On November 14th of this year, many Hindus will be celebrating Diwali (Deepawali). Although it is a Hindu festival, many other faiths including Buddhists, Sikhs, and Jains take part in the festivities.
Also known as the Festival of Lights, the celebration derives its name from the clay lamps that Hindus light and place outside of their homes. For Hindus, there are many interpretations of the celebration, but the most popular include Lord Rama’s return to his home of Ayodhya after defeating the demon and king of Lanka Ravana, the celebration of Lord Krishna defeating the demon Narakasura, and the celebration of the day Vishnu sent the demon Bali to rule the netherworld. Regardless of the interpretation of the festival, the day represents the victory of good over evil. While Diwali is celebrated by Hindus to praise and welcome the Gods into their homes, Jains celebrate Diawali to mark the nirvana of Lord Mahaviram whereas Sikhs celebrate Diwali in honor of the day Guru Hargobind Ji was freed from imprisonment.
While the main day of celebration is on November 14, Diwali is actually a five day celebration and is celebrated to symbolize the triumph of good over evil, and new beginnings. The celebration is split into five days so that each day can symbolize different important rituals Hindus must complete. On the first day, people clean their homes and shop for gold or silver to help bring good fortune to their families. The second day is a day of decoration when people will begin to decorate their homes with diyas (clay lamps) and the floors with designs made of coloured powder. The day is also commemorated as Naraka Chaturdashi in remembrance of Krishna’s destruction of Narakasura. People will also use the day to pray for their ancestors’ souls. The third day is the most auspicious as families take part in the Lakshmi puja to ask for blessings, prosperity and good fortune. The fourth day is celebrated as a new year, and friends and families bestow each other with gifts and blessings. It is also known as Balipratipada to commemorate Krishna’s defeat of Indra. On the fifth day, sibling bonds are celebrated as brothers often visit their sisters who are married, who will in turn, welcome them to a hearty meal. They will also pray for each other’s success and well-being.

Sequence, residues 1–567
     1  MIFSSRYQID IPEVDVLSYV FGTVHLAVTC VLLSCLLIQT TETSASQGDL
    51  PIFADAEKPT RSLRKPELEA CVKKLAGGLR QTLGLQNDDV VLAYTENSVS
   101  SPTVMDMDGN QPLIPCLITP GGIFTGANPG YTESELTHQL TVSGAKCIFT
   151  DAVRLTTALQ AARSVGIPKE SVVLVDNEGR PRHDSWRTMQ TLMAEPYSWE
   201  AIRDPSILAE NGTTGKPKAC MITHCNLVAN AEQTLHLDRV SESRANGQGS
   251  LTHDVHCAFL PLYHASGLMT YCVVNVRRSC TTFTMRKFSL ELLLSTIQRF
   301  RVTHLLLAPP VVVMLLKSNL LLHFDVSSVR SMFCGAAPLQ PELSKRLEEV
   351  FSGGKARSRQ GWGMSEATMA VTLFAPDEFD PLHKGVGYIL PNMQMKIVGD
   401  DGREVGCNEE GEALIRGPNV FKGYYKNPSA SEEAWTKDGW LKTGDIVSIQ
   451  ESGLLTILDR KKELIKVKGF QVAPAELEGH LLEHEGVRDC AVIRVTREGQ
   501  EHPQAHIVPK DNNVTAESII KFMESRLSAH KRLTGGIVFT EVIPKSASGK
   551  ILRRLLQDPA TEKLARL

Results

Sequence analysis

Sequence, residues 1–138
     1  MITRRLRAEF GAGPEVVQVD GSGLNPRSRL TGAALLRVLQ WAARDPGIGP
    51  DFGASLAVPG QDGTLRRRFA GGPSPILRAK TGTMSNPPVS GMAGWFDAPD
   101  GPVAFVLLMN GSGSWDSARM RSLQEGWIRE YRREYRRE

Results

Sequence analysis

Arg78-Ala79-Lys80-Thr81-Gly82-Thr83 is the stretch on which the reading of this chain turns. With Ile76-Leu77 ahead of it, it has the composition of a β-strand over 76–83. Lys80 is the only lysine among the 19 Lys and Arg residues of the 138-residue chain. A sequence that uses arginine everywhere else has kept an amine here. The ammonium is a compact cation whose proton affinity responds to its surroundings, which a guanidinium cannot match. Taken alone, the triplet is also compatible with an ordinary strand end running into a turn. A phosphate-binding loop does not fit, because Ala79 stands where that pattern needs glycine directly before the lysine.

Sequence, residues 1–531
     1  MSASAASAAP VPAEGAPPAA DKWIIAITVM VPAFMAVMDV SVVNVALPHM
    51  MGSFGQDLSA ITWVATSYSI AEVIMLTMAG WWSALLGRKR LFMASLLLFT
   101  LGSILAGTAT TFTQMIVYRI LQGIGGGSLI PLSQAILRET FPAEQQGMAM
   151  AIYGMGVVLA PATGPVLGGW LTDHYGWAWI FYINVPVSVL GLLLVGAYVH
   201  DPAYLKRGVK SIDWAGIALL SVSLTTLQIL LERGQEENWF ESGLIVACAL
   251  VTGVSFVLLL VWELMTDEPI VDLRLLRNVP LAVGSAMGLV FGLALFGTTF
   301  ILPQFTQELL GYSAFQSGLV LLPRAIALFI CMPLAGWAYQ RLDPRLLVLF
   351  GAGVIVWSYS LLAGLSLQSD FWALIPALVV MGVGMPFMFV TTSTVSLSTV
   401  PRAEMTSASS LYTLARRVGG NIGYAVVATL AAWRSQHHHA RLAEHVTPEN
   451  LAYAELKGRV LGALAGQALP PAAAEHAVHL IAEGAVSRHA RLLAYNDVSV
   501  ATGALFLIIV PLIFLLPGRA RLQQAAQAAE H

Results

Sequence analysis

While Diwali is always a fun celebration for those who participate, one of the most important things is to celebrate and help those around you. Whether you donate to those who need, or give gifts to your loved ones, it’s important to give good wishes and blessings to those you know, to ensure they can also have a good new year.
To those who celebrate, have a happy and joyous Diwali!